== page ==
Texas Closes First Prison Thanks to Falling Crime Rate, Rise in Rehabilitation

In what signals a welcome trend, Texas is closing down its first prison. Not only will the state close down the Central Unit in Sugar Land, but it will also shutter three juvenile detention centers. The reasons have to do with budget cuts, as well as a shift from prosecution to rehabilitation for drug use.

In 2005, Texas began to make changes to its sentencing procedures, shifting money the from tough-on-crime approach to rehabilitation and prevention programs. This slowed the number of incarcerations and led to a 12.8% drop in the number of violent crimes since 2003. Since then, the state has seen its crime rate drop to a 38-year low and has saved $2 billion that would have otherwise been spent on building new prisons.

By closing Central Unit and the juvenile detention centers, Texas has become part of a national trend of prison closure. The Central Unit closure in particular has a special significance. Opened in 1909, it was made famous in the folk song “Midnight Special” sung by inmate Huddy “Lead Belly” Ledbetter. Lyrics include “you’d better walk right” or else “Benson Crocker will arrest you, Jimmy Boone will take you down” and “you’re Sugar Land bound.” Since Central Unit’s opening, the surrounding farmland has been replaced by suburban neighborhoods. Since prisons and suburbia don’t mesh, the prison’s days were numbered. Lawmakers finally decided to close it to save $25 million over two years.

It is exciting to see that Texas’s new approach is paying off. A Texas criminal defense attorney knows how frequently clients’ freedom can be taken away based on trivial crimes. The state and federal sentencing guidelines have traditionally been tough on repeat offenders, even for nonviolent crimes. Texas’s juvenile justice system has often served young people poorly, ignoring constitutional protections and punishing them harshly for minor crimes. Furthermore, prison time is hardly the deterrent that many tough-on-crime advocates believe it to be. People who go to prison often become hardened and are highly likely to return to crime once they are released. Meanwhile, prison conditions can be highly dehumanizing. In Brown v. Plata, the U.S. Supreme Court ruled in favor of federal judges who found that California’s overcrowded prisons violated the Eight Amendment ban on cruel and unusual punishment. These judges had ordered the release of 46,000 inmates. While no one has suggested that Central Unit’s conditions were so brutal, the prison’s age was making it more expensive to maintain. Its 900 inmates have been transferred to other facilities.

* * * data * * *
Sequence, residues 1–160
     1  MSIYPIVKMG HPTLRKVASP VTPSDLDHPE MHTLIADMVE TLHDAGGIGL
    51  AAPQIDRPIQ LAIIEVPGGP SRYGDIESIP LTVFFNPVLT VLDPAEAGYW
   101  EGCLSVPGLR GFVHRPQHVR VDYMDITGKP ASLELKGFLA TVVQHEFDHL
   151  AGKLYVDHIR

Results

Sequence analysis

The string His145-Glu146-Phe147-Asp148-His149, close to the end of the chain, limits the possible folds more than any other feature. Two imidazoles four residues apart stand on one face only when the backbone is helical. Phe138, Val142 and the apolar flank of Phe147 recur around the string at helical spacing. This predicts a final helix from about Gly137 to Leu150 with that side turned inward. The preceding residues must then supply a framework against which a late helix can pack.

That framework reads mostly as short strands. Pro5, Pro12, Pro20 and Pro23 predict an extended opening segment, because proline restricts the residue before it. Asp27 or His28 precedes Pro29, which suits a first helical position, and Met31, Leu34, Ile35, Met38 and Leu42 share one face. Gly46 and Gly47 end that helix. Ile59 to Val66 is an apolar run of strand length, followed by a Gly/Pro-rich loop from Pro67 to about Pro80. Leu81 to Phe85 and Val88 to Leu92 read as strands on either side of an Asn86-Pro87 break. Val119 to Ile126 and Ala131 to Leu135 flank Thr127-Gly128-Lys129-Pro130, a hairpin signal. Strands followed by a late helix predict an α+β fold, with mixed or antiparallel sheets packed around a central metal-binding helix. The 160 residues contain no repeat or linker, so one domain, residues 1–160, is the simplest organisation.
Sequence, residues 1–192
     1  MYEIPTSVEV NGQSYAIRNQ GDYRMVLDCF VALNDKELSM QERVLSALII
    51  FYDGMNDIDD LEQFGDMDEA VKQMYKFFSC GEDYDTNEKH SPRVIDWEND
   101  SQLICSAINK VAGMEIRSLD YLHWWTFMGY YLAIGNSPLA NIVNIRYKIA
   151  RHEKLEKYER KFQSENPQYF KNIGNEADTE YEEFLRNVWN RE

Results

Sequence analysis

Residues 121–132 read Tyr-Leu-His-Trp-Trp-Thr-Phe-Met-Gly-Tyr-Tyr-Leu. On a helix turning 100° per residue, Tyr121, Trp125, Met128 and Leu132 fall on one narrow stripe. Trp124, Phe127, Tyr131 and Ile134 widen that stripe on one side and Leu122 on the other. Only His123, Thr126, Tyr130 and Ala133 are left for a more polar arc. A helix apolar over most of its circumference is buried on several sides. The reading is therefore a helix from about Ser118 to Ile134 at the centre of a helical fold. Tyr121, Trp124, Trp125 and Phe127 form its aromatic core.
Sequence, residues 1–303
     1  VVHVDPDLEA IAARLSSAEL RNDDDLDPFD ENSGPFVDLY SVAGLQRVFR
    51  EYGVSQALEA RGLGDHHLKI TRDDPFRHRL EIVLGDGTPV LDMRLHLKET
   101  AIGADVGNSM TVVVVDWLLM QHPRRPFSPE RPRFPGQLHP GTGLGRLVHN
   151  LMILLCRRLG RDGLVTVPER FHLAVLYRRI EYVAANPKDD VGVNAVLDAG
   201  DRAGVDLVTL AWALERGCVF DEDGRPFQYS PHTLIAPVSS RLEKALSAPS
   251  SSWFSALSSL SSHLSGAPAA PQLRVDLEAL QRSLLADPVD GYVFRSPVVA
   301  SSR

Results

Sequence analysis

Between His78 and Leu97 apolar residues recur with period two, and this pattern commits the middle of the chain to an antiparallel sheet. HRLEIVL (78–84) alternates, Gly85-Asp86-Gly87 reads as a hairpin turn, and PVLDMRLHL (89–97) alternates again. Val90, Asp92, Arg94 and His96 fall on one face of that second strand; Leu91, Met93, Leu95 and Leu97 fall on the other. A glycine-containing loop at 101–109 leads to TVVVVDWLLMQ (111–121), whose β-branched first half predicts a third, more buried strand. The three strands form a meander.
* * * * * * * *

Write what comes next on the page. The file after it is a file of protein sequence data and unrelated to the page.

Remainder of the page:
There has been so much dismal news about criminal suspects — usually about how their rights have been chipped away little by little. To hear that Texas is making progress by using a less punitive approach is very welcome news indeed. Coupled with the news that states across the country are rethinking their sentencing guidelines, maybe it is finally safe to say that lawmakers are turning away from the tough-on-crime approach for good. That is something that in the long run could benefit Texans and the country as a whole.

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